Special rule: Komi. After the scores are tallied, the white player is given a point boost called Komi because they begin the game at a disadvantage (having to go second). Komi varies from match to match based on the players’ abilities. In an even matchup, Komi is an award of 6.5 points to the white player’s final score (the 0.5 points serve to break ties).
In less even matchups, players determine Komi ahead of time. It may just be .5 points, for example, if the white player is better than the black player.
Final rule: Life and Death. Taking the implications of rule 1 and rule 2, we have the idea of dead stones and alive stones. A player’s territory is said to be “alive” when the player can make at least two “eyes,” that is, intersections, from their territory. While this is something best learned in practice, you can see the complicated mechanics of this idea in this video.
Computers Playing Go
Like chess computers (famously AlphaZero) whose abilities to learn chess via neural networks, the computers playing Go today are much stronger than the best human players.
In 2017, AlphaGo Zero taught itself Go in three days, playing 4.9 million games against itself and developing knowledge about Go that it has taken humans 2,500 years to develop. Even beyond that, AlphaGo Zero has developed strategies and techniques that still mystify the top players even today.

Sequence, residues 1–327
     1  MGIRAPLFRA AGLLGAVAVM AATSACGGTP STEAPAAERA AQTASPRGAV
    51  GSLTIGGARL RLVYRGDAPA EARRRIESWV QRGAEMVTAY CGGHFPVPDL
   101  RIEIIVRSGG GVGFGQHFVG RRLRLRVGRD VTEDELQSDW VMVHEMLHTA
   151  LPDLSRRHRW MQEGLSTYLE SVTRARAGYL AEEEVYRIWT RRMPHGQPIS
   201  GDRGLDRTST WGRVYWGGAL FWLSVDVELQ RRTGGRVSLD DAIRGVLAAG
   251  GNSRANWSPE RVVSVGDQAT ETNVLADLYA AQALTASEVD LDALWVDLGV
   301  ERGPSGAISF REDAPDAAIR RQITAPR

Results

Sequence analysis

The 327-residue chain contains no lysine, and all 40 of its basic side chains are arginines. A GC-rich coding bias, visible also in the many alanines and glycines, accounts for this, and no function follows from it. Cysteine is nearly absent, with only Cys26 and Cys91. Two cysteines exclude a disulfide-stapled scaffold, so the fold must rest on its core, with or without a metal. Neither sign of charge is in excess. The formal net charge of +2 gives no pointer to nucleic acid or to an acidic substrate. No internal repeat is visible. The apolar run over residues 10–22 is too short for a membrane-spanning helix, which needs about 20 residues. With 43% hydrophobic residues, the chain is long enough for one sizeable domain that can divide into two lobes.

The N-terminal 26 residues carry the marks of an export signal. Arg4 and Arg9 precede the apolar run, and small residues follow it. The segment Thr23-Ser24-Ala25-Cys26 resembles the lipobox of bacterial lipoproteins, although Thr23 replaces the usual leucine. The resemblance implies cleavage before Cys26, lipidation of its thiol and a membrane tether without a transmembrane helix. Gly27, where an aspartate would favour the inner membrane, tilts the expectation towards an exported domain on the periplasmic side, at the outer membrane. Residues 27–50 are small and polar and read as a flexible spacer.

Computer Go intelligence was cemented in the history books in 2017 when AlphaGo beat the two-year Go reigning champion, Ke Jie, in three out of three games.
Playing Go Online
There are plenty of ways to play Go online, as there is a worldwide community of Go players interested in passing this game on to the next generation. At Online-Go.com, you can create an account and play with people across the world while simultaneously learning how to play the game firsthand from the computer.
PlayOK also offers the ability to play Go online. There are several other platforms that you can check out with a simple Google search and I recommend you do.
What is the Board Game Go?
In this article, I’ve discussed the board game Go in all its detail, from its history to its gameplay to its modern iterations via the interwebs.
As I mentioned at the beginning of this article, Go is a game that is quick to learn but will take a lifetime to master. I love playing this game with my kids — what’s especially exciting is seeing them get better and better. The day when I first got beaten by my daughter was such a satisfying day as a father; I can tell you that.
If you want to get started playing Go, now is a perfect time. You can find a Go set online for relatively cheap. Buying this set is like buying your first chessboard: endless possibilities (and no expansion packs necessary!). Enjoy!